Let’s put a stop to this and define some boundaries. In my view, the Internet of Things is the result of a much larger and more important movement that’s about making the physical environment accessible in the same way that the Internet has become accessible over the last 20 years. I’ll call this the “new hardware movement.” Read more…
Building functional teams for the IoT economy
Experts weigh in on more fluid approaches to IoT team building.
Download a free copy of our new report, “When Worlds Collide: Hardware, Software, and Manufacturing Teams for the IoT,” by Mike Barlow. Editor’s note: this post is an excerpt from the report.You don’t have to be a hardcore dystopian to imagine the problems that can unfold when worlds of software collide with worlds of hardware.
When you consider the emerging economics of the Internet of Things (IoT), the challenges grow exponentially, and the complexities are daunting.
For many people, the IoT suggests a marriage of software and hardware. But the economics of the IoT involves more than a simple binary coupling. In addition to software development and hardware design, a viable end-to-end IoT process would include prototyping, sourcing raw materials, manufacturing, operations, marketing, sales, distribution, customer support, finance, legal, and HR.
It’s reasonable to assume that an IoT process would be part of a larger commercial business strategy that also involves multiple sales and distribution channels (e.g., wholesale, retail, value-added reseller, direct); warehousing; operations; and interactions with a host of regulatory agencies at various levels of government, depending on the city, state, region, and country.
A diagram of a truly functional IoT would look less like a traditional linear supply chain and more like an ecosystem or a network. The most basic supply chain looks something like this: Read more…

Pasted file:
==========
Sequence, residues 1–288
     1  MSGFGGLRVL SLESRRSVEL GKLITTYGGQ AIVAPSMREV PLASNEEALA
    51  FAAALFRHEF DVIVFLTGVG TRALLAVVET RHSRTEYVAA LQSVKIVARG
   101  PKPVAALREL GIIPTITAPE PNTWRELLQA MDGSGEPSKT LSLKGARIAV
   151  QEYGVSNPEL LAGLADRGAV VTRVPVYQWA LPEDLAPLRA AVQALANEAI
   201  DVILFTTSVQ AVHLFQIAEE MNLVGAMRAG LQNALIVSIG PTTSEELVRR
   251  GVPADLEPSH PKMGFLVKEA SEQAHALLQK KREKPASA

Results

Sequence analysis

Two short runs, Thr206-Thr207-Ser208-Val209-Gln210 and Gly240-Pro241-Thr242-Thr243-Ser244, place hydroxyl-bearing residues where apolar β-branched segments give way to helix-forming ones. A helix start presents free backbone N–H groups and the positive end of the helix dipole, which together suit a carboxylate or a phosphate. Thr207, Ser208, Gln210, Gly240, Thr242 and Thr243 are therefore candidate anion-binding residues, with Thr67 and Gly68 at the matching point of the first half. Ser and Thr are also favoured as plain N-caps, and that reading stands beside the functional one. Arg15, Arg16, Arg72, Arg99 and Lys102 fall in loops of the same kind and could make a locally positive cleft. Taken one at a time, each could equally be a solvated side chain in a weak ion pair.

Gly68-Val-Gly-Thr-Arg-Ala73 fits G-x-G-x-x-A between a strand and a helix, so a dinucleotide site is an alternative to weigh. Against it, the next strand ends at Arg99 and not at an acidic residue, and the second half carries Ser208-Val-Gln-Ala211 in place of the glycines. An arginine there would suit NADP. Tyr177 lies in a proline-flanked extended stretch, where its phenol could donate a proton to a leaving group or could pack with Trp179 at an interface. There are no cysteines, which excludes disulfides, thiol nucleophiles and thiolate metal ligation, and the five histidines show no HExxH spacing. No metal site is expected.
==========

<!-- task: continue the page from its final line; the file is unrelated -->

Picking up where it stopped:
Building a hardware business
A free compilation of chapter excerpts from our IoT library highlights the approachable complexity of hardware.
Download a free copy of “Building a Hardware Business,” a curated compilation of chapter excerpts from our IoT library.Over the last few years, we’ve seen an astonishing change in what it takes to build a hardware business. Hardware remains hard — executing it well requires technical and marketing expertise in several fields — but the barriers that startups must cross have been lowered considerably.
That change has come about as a result of several changes in the way the market approaches hardware.
- Customers, whether consumers or businesses, have become aware of what hardware and connected devices can do for them. The Internet of Things means more than connected refrigerators now. For consumers, it represents desirable products like the NEST thermostat and Apple Watch. For managers, it represents the highest standards of informed decision-making and operational efficiency in everything from delivery fleets to heavy machines to simple design-driven data.
- Connecting with those customers has become easier. Startups can sell directly to niche consumers through online channels with the help of Etsy, Tindie, and ShopLocket, which are vastly easier to deal with than big-box retailers. These platforms also return rapid market feedback and offer ways for companies to connect with their consumers and build communities without intermediaries.